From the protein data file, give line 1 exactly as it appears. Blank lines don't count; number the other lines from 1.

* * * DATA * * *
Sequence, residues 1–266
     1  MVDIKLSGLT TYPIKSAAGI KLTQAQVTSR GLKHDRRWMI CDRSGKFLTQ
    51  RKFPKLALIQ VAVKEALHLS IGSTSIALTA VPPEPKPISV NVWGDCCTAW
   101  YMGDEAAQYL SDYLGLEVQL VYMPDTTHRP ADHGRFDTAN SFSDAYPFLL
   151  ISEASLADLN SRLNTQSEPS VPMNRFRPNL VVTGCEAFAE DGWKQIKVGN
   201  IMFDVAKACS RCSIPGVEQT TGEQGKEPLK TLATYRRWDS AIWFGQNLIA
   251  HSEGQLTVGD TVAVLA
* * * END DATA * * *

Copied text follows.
Sequence, residues 1–266